For several decades, it was taboo to openly criticize the 228 Massacre Incident. The government hoped that the execution of Governor Chen Yi and financial compensation for the victims had quelled resentment. In the 1970s the 228 Justice and Peace Movement was initiated by several citizens' groups to ask for a reversal of this policy, and, in 1992, the Executive Yuan promulgated the "February 28 Incident Research Report." Then-President and KMT-chairman Lee Teng-hui, who had participated in the incident and was arrested as an instigator and a Communist sympathizer made a formal apology on behalf of the government in 1995 and declared February 28 a day to commemorate the victims. Among other memorials erected, Taipei New Park was renamed 228 Memorial Park.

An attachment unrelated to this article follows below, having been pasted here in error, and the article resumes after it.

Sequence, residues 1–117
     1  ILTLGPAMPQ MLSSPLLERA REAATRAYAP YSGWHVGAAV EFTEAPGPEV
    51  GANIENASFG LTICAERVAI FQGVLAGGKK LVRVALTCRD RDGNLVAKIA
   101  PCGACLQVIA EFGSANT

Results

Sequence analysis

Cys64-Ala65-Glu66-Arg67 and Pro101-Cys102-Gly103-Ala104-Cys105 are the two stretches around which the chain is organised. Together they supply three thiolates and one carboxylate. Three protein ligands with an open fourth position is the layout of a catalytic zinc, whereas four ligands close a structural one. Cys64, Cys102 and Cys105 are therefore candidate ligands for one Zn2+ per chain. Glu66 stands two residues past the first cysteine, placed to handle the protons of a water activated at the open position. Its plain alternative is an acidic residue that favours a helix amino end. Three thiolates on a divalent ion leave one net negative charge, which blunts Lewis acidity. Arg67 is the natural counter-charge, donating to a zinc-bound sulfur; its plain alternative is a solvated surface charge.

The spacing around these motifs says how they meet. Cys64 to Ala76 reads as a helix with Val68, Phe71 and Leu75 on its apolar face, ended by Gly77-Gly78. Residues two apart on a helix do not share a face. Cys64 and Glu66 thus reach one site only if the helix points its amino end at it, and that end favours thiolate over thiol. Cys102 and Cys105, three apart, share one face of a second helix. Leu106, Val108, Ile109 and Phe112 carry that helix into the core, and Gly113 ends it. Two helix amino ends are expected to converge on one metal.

Since the lifting of martial law in 1987, the government has set up the 228 Incident Memorial Foundation, a civilian reparations fund supported by public donations for the victims and their families. Many descendants of victims remain unaware that their family members were victims, while many of the families of victims from Mainland China did not know the details of their relatives mistreatment during the riot. Those who have received compensation more than two times are still demanding a trial of the names of the living soldiers who were responsible for death of their loved ones.

Prior to the 228 massacre, many Taiwanese hoped for a greater autonomy from China. The failure of conclusive dialogue with the ROC administration in early March, combined with the feelings of betrayal felt towards the government and China in general are widely believed to have catalyzed today's Taiwan independence movement and subsequently Taiwan Name Rectification Campaign after democratization. Few today hope for the eventual unification of Taiwan to China.